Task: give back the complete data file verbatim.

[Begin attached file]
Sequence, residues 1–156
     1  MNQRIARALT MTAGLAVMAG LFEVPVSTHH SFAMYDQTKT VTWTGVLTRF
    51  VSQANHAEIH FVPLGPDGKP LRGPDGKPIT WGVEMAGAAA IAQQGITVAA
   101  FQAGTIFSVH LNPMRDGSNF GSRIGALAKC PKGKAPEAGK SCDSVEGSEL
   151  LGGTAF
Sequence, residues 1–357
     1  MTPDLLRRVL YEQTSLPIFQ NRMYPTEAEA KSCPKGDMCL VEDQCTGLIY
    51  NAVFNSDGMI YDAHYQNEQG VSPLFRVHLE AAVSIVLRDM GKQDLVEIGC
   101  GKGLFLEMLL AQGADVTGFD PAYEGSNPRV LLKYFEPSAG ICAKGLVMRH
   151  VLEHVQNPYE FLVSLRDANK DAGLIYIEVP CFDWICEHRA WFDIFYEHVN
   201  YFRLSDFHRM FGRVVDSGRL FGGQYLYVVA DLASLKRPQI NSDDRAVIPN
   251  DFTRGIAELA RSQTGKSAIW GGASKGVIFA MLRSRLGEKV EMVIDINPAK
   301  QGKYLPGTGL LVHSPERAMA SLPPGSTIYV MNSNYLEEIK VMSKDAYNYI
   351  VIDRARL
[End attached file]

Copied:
Sequence, residues 1–156
     1  MNQRIARALT MTAGLAVMAG LFEVPVSTHH SFAMYDQTKT VTWTGVLTRF
    51  VSQANHAEIH FVPLGPDGKP LRGPDGKPIT WGVEMAGAAA IAQQGITVAA
   101  FQAGTIFSVH LNPMRDGSNF GSRIGALAKC PKGKAPEAGK SCDSVEGSEL
   151  LGGTAF
Sequence, residues 1–357
     1  MTPDLLRRVL YEQTSLPIFQ NRMYPTEAEA KSCPKGDMCL VEDQCTGLIY
    51  NAVFNSDGMI YDAHYQNEQG VSPLFRVHLE AAVSIVLRDM GKQDLVEIGC
   101  GKGLFLEMLL AQGADVTGFD PAYEGSNPRV LLKYFEPSAG ICAKGLVMRH
   151  VLEHVQNPYE FLVSLRDANK DAGLIYIEVP CFDWICEHRA WFDIFYEHVN
   201  YFRLSDFHRM FGRVVDSGRL FGGQYLYVVA DLASLKRPQI NSDDRAVIPN
   251  DFTRGIAELA RSQTGKSAIW GGASKGVIFA MLRSRLGEKV EMVIDINPAK
   301  QGKYLPGTGL LVHSPERAMA SLPPGSTIYV MNSNYLEEIK VMSKDAYNYI
   351  VIDRARL